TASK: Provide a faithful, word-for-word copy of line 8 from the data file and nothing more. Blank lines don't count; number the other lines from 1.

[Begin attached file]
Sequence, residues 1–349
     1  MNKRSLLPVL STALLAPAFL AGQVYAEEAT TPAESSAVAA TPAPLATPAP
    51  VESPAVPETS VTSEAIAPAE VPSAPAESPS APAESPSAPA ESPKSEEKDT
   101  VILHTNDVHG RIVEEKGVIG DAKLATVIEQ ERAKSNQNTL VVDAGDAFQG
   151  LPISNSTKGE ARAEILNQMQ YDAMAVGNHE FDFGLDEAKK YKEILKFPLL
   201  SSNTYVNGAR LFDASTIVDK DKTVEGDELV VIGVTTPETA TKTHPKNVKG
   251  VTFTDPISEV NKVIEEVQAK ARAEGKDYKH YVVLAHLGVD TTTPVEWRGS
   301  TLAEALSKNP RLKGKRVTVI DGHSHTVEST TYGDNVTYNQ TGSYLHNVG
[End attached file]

   301  TLAEALSKNP RLKGKRVTVI DGHSHTVEST TYGDNVTYNQ TGSYLHNVG